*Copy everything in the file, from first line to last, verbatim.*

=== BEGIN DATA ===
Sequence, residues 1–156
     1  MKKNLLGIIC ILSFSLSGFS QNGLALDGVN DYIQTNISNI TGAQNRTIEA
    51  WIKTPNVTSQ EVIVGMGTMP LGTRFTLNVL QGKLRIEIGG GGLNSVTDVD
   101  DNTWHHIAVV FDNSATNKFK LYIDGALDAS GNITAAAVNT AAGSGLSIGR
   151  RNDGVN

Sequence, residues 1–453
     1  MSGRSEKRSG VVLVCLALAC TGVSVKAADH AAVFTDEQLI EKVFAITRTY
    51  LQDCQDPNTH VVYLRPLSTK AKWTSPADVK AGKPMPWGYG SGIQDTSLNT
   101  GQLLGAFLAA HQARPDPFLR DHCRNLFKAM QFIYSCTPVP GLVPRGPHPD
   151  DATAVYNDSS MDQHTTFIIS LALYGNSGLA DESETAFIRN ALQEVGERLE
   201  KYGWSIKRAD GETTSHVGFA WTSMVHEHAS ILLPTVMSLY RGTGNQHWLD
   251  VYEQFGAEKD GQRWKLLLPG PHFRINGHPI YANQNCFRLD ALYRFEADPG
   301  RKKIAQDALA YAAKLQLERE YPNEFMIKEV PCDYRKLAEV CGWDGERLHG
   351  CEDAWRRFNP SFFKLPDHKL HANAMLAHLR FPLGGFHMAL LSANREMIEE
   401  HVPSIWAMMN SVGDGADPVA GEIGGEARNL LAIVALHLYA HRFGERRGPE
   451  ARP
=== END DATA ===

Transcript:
Sequence, residues 1–156
     1  MKKNLLGIIC ILSFSLSGFS QNGLALDGVN DYIQTNISNI TGAQNRTIEA
    51  WIKTPNVTSQ EVIVGMGTMP LGTRFTLNVL QGKLRIEIGG GGLNSVTDVD
   101  DNTWHHIAVV FDNSATNKFK LYIDGALDAS GNITAAAVNT AAGSGLSIGR
   151  RNDGVN

Sequence, residues 1–453
     1  MSGRSEKRSG VVLVCLALAC TGVSVKAADH AAVFTDEQLI EKVFAITRTY
    51  LQDCQDPNTH VVYLRPLSTK AKWTSPADVK AGKPMPWGYG SGIQDTSLNT
   101  GQLLGAFLAA HQARPDPFLR DHCRNLFKAM QFIYSCTPVP GLVPRGPHPD
   151  DATAVYNDSS MDQHTTFIIS LALYGNSGLA DESETAFIRN ALQEVGERLE
   201  KYGWSIKRAD GETTSHVGFA WTSMVHEHAS ILLPTVMSLY RGTGNQHWLD
   251  VYEQFGAEKD GQRWKLLLPG PHFRINGHPI YANQNCFRLD ALYRFEADPG
   301  RKKIAQDALA YAAKLQLERE YPNEFMIKEV PCDYRKLAEV CGWDGERLHG
   351  CEDAWRRFNP SFFKLPDHKL HANAMLAHLR FPLGGFHMAL LSANREMIEE
   401  HVPSIWAMMN SVGDGADPVA GEIGGEARNL LAIVALHLYA HRFGERRGPE
   451  ARP